Scream of Consciousness

My mom has been gone for twenty-four hours. And the crazy thing is, time is just going to keep on marching along. Soon, it will be forty-eight hours, and then a week, then months and years. The amount of time between her last breath and the current moment is just going to continue to expand. It will grow, infinitely.
There is no preparing for this kind of thing. Sure, most people are vaguely aware that, statistically, they’ll probably outlive their parents. When a parent is sick, that possibility feels more explicit, more tangible. When a parent is dying, that possibility is utterly suffocating. You live with it hanging over your head, pervasively winding its way into your every thought. And the worst part is that it doesn’t matter. Because, no matter how much you’ve thought about it and worried about it and cried about it, it still takes your breath away when it happens. It still leaves you feeling like a fucking astronaut, floating in space, realizing that someone has cut your tether and now you have no way back to comfort and safety.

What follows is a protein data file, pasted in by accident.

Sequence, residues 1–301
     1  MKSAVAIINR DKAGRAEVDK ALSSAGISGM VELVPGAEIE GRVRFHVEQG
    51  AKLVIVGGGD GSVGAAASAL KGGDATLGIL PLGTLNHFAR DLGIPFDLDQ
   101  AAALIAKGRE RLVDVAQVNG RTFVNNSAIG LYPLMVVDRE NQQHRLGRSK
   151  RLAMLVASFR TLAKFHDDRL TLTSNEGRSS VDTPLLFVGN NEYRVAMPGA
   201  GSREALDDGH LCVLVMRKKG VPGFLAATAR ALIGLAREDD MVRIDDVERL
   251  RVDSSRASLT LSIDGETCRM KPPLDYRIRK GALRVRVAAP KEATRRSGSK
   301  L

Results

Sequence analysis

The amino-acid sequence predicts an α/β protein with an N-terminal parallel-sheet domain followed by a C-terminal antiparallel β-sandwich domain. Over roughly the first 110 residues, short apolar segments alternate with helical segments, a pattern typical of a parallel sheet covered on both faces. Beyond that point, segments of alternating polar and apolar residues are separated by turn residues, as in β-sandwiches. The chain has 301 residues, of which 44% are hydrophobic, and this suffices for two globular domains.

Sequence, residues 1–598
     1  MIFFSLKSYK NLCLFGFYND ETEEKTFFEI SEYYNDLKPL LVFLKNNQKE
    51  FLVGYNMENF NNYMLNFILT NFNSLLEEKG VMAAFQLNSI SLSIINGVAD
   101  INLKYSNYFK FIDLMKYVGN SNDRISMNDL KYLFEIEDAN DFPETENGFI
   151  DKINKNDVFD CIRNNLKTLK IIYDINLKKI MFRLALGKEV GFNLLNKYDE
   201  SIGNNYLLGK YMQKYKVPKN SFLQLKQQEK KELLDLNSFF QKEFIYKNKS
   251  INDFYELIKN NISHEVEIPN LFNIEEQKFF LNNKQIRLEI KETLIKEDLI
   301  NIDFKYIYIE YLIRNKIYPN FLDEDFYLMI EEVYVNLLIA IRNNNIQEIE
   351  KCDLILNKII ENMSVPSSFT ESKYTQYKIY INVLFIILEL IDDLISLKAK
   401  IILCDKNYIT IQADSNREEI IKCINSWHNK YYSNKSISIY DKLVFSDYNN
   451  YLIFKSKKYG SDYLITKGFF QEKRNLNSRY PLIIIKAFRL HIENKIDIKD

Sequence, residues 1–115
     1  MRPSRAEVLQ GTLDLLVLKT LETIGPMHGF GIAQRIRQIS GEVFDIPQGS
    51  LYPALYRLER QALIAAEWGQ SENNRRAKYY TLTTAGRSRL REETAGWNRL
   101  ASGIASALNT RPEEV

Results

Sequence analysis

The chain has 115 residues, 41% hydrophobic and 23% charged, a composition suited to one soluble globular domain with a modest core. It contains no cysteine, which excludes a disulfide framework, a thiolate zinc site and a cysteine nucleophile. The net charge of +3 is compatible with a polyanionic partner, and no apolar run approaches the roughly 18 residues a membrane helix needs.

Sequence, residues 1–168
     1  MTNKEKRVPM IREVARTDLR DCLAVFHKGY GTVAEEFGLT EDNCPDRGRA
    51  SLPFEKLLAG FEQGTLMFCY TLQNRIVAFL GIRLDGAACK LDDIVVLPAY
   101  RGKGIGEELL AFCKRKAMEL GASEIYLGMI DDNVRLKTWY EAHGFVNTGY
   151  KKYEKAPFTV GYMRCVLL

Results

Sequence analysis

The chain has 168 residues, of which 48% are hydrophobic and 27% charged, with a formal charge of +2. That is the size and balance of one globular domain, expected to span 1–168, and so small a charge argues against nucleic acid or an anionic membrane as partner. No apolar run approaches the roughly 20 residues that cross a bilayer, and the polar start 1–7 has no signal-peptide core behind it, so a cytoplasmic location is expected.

My mom was my comfort and safety. No matter how sick or tired or stressed out she was, she would listen to me complain and try to help me put things into perspective. She had a way of being the most chaotic and most calming presence in my life, simultaneously. I don’t know how to do this without her. People talk about not knowing what you have until it’s gone, and it sounds trite. Cliche, even. But there is so much truth to it. My mom used to apologize for relying on me so much, and I always waved it off. Of course she could lean on me, don’t even worry about it. I never really stopped to consider how much I relied on her in return, until today, when I subconsciously thought about calling her to tell her about how hectic things have been, no less than five times.
And it wasn’t until today, as I dug through a box of old notes and photos, that I really gave very much thought to who my mom was a whole person, not just as the person she’s been for the last ten years. She was a baby, as evidenced by the immunization booklet from 1962 that I found bearing her name. She was a kid, who made her mom homemade cards with crayons and glue sticks and tissue paper. She was a teenager that hung out with her friends and went to concerts. She was a bride, smiling and radiant on her wedding day. She was a daughter, who went through the same agony of losing her own hero as I’m experiencing right this second.  She had history. She had wisdom. She had thousands of shades of gray.
She lived twenty-six years of her life without me. But, I had never lived a second of mine without her. Not until twenty-four hours ago.

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